Guideline for Determining the Improvement Factors and Design of Geocells in Road Building, Netherlands
New guideline emphasizes the key geocell properties required for road base reinforcement
“Geocells must have the right properties when it comes to dynamic stiffness, resistance to plastic deformation and tensile strength…”
This published standard in the Netherlands is an excellent example of the growing trend to create standard guidelines for the use and design of geocells worldwide. It covers the required material properties and design principles that should be adopted to optimize geosynthetic reinforcement performance for pavements – and specifically for geocells.
This Guideline was written by a team of experts for SBRCURnet (CROW), highly respected Dutch institutes that develop guidelines and standards in the fields of civil engineering, road construction, and traffic engineering.
A key point of the document is that the extent of the reinforcing or stabilising effect is determined by the material from which the geocell product is made and the geometry. The most important material properties are elastic stiffness and resistance to permanent deformation (creep). The limit on plastic deformation for reinforcement synthetics is defined as low deformation, e.g., less than 2%. The actual effectiveness of base reinforcement is reflected in the support improvement factor (SIF) and the modulus improvement factor (MIF).
Click here to view a translated summary of the guideline
(All rights reserved to SBRCURnet and CROW, NL)
Highlights of Guideline
1. Elastic stiffness and resistance to permanent deformation – the most important material properties (para. 1.2.4):
“In addition to the structure of the road construction, the extent of the reinforcing or stabilising effect is determined by the material from which the product is made and the geometry. The most important material properties are the elastic stiffness and the resistance to permanent deformation (creep)…. Materials that exhibit a lot of creep will gradually lose their reinforcing capacity over time.”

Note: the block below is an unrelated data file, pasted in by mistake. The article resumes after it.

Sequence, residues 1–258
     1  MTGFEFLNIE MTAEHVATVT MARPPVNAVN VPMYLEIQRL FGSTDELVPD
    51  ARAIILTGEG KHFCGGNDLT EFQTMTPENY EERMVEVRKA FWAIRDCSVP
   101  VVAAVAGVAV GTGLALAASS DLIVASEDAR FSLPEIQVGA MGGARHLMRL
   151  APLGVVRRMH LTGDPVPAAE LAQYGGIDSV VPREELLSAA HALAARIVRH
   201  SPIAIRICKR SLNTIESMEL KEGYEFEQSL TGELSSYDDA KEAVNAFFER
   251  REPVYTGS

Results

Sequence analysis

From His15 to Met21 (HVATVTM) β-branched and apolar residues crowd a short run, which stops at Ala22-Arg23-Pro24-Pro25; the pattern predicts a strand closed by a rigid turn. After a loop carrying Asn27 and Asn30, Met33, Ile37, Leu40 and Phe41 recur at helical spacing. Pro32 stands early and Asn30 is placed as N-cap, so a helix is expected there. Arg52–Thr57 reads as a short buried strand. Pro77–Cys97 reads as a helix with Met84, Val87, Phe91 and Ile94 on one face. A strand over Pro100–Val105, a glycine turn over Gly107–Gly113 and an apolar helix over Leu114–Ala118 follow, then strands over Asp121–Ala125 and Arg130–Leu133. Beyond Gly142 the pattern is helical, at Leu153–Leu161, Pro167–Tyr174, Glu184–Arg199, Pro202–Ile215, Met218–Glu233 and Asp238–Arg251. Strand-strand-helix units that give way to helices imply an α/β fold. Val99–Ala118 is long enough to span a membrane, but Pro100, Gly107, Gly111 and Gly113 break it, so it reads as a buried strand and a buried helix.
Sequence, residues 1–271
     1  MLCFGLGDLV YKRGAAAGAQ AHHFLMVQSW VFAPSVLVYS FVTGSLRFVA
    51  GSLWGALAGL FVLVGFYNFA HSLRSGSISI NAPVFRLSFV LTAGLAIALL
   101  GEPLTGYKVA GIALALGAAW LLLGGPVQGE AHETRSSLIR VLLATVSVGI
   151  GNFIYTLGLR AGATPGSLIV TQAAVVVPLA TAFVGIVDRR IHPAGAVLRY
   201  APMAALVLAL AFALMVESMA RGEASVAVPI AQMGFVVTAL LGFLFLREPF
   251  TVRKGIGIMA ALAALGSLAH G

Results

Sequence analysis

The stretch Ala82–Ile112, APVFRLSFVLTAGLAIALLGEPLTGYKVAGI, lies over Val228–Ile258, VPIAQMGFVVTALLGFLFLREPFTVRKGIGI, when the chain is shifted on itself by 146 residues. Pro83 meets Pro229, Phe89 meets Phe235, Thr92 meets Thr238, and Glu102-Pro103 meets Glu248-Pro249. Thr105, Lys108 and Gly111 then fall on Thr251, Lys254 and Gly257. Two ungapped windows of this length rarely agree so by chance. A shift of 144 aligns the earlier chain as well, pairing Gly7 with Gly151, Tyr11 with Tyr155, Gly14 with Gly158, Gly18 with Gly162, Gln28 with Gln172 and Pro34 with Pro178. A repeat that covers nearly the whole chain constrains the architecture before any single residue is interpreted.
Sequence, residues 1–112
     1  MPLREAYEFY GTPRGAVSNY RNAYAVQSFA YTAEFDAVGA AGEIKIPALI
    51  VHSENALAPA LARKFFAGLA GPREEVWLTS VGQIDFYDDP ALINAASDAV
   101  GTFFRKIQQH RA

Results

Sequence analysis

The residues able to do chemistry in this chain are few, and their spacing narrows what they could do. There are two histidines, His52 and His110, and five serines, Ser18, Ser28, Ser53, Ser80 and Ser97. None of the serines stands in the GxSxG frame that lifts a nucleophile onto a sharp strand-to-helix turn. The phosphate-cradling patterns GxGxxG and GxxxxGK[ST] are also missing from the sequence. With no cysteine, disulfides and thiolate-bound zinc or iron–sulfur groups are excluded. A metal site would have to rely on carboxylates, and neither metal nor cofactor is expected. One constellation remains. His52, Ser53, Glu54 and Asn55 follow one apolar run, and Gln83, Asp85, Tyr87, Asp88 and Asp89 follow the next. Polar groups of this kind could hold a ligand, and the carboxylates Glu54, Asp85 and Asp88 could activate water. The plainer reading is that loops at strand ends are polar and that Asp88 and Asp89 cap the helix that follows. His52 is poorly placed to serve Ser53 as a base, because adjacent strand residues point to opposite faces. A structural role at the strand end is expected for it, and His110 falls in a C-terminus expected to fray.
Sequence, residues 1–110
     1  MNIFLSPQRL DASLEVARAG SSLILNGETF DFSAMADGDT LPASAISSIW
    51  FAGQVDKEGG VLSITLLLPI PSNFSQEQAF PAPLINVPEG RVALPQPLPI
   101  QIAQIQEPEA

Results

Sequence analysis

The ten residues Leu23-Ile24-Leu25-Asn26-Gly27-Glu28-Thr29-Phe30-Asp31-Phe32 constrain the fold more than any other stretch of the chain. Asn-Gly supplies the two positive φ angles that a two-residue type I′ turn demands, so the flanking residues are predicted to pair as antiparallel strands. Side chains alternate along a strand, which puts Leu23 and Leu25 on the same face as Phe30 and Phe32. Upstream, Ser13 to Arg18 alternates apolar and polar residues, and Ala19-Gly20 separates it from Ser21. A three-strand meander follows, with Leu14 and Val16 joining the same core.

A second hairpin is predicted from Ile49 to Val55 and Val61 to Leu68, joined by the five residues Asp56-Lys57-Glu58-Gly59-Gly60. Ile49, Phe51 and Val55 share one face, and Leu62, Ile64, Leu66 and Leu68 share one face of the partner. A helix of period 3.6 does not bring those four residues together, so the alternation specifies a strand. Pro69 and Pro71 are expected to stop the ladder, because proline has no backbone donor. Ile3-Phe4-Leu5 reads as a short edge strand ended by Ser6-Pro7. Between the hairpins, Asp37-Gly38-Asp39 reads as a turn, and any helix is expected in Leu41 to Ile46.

2. Permitted accumulated geocell deformation – below 2% (para. 1.2.4)
“…Therefore, this type of base reinforcement is only effective if the deformations are limited to, for example, 0.5%. A distortion (elongation) of the geosynthetics of 2% horizontally will lead to many centimeters of distortion vertically in the road.
3. Geocell key properties determine the pavement reinforcement improvement factor (para. 2.2.4):
“The geocell mechanism provides an improved spread angle through the so-called “beam effect” (see Fig. 2-6).”
Table 2.5 – Global properties of reinforcement geocells*
|Dynamic stiffness modulus (net) (DMA-test)||MPa||EN-ISO 6721-1 ASTM E2254||**|
|Cumulative plastic distortion (SIM test)||% m/m||ASTM D6992||<3|
|Tensile force, non-perforated cell wall (wide width)||kN/m||EN-ISO 10319||20-29|
|Tensile force, perforated cell wall (wide width)||kN/m||EN-ISO 10319||16-25|
|UV and Oxidation resistance (High-Pressure Oxidative Induction Time (HPOIT) at 150°C||minutes||ASTM D5885||> 400|
* values available only for geocells with rigid cell walls
** values depend on the application
- Provides best design methods and practices for geocell technology
- Provides performance based factors for evaluating geocells
- Geocell base reinforcement factor depends on elastic stiffness and resistance to deformation
- Limits subgrade replacement and disruption
- Reduces aggregate layer thickness
- Enables use of inferior quality aggregate
- Extended road design life reduces maintenance
- Geocell reinforced base reduces deformation, extends design life
- Reduces aggregate and placement costs
- Reduces surface layer thickness, including asphalt